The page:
Results and Discussion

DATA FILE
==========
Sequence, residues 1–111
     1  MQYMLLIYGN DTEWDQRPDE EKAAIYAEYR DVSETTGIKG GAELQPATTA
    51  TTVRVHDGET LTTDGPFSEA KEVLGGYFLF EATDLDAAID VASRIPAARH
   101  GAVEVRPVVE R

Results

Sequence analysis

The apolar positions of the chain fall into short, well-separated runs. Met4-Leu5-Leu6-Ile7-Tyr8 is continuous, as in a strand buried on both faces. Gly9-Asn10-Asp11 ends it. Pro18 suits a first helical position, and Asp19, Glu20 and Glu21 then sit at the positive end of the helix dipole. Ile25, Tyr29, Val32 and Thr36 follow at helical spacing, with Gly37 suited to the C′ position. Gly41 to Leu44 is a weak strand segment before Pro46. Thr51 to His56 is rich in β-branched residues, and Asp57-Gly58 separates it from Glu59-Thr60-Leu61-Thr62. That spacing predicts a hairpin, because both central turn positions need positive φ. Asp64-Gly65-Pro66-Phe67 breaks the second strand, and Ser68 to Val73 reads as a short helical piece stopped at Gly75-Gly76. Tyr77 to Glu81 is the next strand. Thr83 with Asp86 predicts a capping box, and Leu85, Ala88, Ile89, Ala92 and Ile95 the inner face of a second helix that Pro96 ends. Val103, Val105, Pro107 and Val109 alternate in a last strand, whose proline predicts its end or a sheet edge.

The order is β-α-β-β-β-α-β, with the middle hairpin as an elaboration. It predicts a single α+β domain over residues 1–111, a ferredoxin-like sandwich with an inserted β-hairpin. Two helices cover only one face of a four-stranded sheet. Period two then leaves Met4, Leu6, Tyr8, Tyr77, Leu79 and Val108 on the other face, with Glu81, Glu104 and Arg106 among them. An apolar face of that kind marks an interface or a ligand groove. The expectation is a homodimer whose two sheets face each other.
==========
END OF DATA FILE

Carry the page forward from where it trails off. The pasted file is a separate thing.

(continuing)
In the in-situ electrochemical STM and electrochemical AFM investigations the first steps of the cyclovoltammetric formation of PPy could be seen. The polymer formed nuclei at a definite distance from steps on the HOPG working electrode surface (Fig. 1). This can be interpreted as follows. Pyrrole monomers are oxidized at the most reactive centers on the WE surface such as steps and the defect sites of the single crystal surface. These oxidized pyrrole molecules form oligomers which are desorbed from the electrode and react with unoxidized pyrrole molecules in the electrolyte solution. The oligomers so formed react with further monomers until they reach a critical size where they become insoluble in the electrolyte. They are precipitated on the WE surface as the nuclei for further polymerization processes. Due to a pH gradient from the highly reactive sites towards the planar electrode surface, the path length for becoming insoluble is nearly constant for each molecule. From this behavior the parallel orientation of the nuclei from steps of the nuclei on the HOPG surface can be understood. After the formation of the nucleation centers polypyrrole starts to grow at these centers and forms islands. In Fig. 2 the polymeric growth of such an island close to an HOPG step can be seen as a sequence of AFM images. The single crystal step is clearly seen in the upper left corner of the sequence. On the right side of the images the growth of the polymer island can be followed. The small knots on the right-hand side of the islands in Fig. 2 become larger with increasing time. Also, the height of the whole island increases during the polymerization process. With further cyclovoltammetric pyrrole oxidation the island increases in diameter and height. The step on the working electrode appears to be unchanged. The potentiostatic growth of PPy at different pH values shows a dependence on the velocity of growth. Without pH buffer, the PPy formation is dominated by rapid three-dimensional growth. The protons formed cause an additional chemical polymerization. The polymer islands formed expand very fast. This leads to rough surfaces because the growth of several separated nuclei causes extreme differences in height. These nuclei overlap very fast. By usage of phosphate buffers the growing velocity can be decreased. At a pH of 5, single polymer islands on the graphite surface can be detected by scanning probe microscopy. In comparison with potentiostatic polymerization the films are smoother those without a pH-buffer system. The growing velocity is decreased even further at a pH of 7. Neither electrochemical STM nor electrochemical AFM shows the formation of polypyrrole nuclei on the electrode surface with tosylate electrolyte in high- resolution or in large-scale investigations. The PPy films produced by potentiostatic and potentiodynamic methods were washed with distilled water and dried overnight. Afterwards they were replaced